The Journal of the Association of Future Philosophers

The Early Weed

This is the Weed Talking

Open Borders Are Better Than Racism
by Weed Boctor, 7-14-1998

     Imagine this scenario: You are stopped at the Chatsworth city limits by a cop. He tells you of a new city policy excluding Mexicans. You are offended.
     You call City Hall and you find out that Chatsworth has enacted an immigration policy making Mexicans illegal aliens. After going to the Supreme Court and failing to get this policy overturned, you sneak into Chatsworth.
     You see the new mayor of Chatsworth, Mark Fuhrman, the closet racist who enacted this policy. You have him in your sights and you begin to gently squeeze. At this point a friend tries to dissuade you. You give him a listen, even though you are not inclined to be tolerant of racist injustice or to be dissuaded from doing your duty.
     “Don’t the poeple of Chatsworth have a right to control their border?” he argues. Reply -- When people talk about “our border,” it is important to distinguish two meanings of the word “our.” It could be used to indicate ownership, and it could be used for identification.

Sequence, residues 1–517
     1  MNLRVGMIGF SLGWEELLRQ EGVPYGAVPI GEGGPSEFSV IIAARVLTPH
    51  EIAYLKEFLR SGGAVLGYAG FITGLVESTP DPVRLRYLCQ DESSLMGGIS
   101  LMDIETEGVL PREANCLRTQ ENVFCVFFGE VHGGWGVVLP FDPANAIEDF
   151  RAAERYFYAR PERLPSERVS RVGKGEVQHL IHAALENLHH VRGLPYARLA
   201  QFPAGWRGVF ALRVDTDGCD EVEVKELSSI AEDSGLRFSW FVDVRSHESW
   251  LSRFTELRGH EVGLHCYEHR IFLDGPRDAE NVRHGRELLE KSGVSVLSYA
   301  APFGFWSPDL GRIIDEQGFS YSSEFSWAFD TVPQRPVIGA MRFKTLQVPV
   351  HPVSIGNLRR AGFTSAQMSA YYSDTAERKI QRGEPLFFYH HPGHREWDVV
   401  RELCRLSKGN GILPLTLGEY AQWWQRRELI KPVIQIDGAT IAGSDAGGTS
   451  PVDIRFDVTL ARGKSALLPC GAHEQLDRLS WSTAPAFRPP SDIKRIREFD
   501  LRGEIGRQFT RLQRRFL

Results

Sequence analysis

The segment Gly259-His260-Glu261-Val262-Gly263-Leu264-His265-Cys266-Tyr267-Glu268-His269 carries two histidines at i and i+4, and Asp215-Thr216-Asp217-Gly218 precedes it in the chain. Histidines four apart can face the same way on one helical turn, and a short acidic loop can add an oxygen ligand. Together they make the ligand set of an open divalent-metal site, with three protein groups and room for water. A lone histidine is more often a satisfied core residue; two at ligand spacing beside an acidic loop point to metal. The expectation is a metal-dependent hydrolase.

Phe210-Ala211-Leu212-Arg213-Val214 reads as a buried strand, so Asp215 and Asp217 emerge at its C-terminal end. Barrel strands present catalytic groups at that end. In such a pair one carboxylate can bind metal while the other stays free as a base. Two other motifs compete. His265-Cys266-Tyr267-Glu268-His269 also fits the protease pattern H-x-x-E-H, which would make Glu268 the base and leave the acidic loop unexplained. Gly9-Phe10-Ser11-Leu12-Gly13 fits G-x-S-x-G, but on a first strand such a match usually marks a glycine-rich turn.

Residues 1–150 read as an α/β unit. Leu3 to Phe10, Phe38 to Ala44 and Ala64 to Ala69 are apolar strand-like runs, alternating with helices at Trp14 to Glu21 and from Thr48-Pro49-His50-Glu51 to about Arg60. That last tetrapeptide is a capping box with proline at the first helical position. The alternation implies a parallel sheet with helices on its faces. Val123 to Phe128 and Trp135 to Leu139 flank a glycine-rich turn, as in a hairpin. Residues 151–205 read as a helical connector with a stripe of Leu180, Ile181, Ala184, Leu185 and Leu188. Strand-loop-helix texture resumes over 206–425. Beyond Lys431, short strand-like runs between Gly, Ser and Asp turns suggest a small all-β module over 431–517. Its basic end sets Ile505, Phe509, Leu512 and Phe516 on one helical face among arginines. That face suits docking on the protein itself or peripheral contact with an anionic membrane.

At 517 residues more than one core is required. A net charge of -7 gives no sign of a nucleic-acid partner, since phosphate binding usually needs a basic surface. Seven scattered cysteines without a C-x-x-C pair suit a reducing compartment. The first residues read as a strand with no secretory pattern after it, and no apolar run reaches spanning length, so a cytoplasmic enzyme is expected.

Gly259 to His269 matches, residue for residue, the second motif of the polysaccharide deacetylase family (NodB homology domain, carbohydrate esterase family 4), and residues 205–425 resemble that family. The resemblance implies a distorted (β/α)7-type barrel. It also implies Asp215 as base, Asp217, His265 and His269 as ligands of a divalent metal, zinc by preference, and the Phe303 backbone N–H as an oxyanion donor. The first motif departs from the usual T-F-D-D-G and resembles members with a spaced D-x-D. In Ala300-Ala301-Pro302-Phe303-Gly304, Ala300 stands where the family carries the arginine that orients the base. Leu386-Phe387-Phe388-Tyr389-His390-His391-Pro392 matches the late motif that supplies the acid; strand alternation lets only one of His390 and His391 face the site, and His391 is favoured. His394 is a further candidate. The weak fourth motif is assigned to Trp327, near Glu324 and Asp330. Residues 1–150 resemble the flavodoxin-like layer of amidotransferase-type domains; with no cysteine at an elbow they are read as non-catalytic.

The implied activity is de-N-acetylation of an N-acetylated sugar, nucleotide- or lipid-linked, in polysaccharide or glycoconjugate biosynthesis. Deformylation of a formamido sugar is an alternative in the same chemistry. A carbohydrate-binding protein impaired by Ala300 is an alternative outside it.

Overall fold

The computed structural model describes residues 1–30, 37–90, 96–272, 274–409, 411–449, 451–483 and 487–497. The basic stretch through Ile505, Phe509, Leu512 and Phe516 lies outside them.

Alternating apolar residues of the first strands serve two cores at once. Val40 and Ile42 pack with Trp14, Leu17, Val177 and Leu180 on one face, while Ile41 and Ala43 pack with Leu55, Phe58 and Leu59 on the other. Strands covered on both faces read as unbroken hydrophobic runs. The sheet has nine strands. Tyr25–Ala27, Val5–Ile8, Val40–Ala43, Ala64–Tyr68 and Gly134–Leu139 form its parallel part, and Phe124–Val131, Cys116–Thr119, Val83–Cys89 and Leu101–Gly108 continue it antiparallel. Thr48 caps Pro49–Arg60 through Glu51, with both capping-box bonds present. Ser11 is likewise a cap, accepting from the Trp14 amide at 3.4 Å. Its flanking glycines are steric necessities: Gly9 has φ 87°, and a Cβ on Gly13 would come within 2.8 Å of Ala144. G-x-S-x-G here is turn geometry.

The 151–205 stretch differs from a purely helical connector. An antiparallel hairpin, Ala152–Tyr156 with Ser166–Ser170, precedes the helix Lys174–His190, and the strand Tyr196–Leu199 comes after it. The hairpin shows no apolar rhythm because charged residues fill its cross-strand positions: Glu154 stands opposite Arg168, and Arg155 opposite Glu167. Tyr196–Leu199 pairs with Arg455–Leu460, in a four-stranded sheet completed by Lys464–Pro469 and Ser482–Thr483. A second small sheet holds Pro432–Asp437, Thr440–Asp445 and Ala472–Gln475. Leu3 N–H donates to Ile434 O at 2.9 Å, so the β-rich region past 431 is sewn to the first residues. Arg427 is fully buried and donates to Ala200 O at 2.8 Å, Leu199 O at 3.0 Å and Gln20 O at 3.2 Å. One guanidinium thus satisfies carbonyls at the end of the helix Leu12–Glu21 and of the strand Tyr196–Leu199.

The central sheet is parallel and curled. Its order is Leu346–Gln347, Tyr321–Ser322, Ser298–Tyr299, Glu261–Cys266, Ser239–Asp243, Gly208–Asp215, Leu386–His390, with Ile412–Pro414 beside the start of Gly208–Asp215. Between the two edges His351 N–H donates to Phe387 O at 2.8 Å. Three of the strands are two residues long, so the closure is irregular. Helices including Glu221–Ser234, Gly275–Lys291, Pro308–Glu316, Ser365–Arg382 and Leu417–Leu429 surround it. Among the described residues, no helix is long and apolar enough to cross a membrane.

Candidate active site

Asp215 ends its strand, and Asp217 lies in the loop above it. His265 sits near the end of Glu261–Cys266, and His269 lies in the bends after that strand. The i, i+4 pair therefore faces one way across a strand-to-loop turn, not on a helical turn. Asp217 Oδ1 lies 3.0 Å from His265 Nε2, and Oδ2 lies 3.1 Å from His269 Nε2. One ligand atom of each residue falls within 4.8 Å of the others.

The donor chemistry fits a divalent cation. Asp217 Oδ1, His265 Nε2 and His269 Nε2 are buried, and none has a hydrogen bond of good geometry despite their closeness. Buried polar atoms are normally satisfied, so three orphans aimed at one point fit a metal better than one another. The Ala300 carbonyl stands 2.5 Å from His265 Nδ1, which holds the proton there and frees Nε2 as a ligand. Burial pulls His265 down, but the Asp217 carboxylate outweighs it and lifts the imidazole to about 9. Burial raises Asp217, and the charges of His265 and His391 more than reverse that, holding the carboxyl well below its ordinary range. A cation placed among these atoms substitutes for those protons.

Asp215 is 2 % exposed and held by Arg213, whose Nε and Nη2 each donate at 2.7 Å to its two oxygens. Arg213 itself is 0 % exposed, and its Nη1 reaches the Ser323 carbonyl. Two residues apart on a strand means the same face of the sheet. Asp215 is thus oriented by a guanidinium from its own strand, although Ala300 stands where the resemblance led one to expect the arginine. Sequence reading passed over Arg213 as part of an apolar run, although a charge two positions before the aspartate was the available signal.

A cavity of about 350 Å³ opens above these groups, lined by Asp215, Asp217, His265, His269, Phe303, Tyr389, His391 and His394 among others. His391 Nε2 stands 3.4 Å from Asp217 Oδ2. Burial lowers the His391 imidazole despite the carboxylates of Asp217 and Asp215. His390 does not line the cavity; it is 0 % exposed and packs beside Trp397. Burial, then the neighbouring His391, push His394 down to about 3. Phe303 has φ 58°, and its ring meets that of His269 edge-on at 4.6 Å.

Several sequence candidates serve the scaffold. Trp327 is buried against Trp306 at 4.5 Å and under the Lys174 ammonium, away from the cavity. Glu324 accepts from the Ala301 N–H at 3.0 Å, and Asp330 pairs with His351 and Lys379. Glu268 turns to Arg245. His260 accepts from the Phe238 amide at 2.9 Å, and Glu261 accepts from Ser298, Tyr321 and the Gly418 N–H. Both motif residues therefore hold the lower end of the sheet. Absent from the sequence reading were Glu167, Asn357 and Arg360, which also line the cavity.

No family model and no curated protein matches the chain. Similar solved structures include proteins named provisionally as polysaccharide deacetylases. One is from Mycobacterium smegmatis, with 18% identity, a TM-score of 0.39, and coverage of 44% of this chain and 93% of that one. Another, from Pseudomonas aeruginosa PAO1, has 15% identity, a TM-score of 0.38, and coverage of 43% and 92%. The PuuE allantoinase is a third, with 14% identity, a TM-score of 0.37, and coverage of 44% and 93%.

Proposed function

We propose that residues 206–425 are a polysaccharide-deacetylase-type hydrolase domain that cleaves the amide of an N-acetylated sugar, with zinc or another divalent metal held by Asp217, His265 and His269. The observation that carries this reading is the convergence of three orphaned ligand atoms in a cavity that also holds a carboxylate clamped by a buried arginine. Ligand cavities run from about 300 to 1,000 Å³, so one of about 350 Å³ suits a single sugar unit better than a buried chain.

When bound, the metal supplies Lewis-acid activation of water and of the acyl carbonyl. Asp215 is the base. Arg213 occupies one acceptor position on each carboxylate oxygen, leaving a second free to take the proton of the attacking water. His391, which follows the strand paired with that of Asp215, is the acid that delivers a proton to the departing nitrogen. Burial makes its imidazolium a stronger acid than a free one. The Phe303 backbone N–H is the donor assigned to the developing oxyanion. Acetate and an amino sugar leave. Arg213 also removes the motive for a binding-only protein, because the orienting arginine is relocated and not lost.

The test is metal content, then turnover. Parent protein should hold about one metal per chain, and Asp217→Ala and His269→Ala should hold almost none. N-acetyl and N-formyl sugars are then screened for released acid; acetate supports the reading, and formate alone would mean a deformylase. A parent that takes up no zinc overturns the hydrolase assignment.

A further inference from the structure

When a student talks about “my English professor,” “my” identifies the professor. It does not mean the student owns the professor. When people talk about “our border,” they are identifying the border. It doesn’t mean ownership.
     Your friend then asks, “Don’t immigrants hurt the economy?” Reply -- If you look at the empirical evidence, economic growth is compatible with high levels of immigration. Furthermore, since human life did not originate in America, we are all immigrants and descendants of immigrants. If immigration reduces economic production, then how can the racists explain the high standard of living in America? To be anti-immigrant is to be anti-American.
     Your friend argues that justice is not your job, and you should not attempt to achieve it. Reply -- If the partisans of justice violate their duty, they are little better than the racists who commit this injustice.
     Your friend then argues you should respect established authority. Reply -- Established injustice is still unjust. And when injustice is expanded from the city level to the state and national level, it becomes injustice on a larger scale, and therefore, more evil, more intolerable.
     To keep friends who hold racist beliefs and oppose justice -- that says more about you and your ethics. Is it about time to drop the hammer on the closet racists who practice this racist injustice.

This editorial was first published in ‘95.
Copyright © 1998, The Association of Future Philosophers. All rights reserved.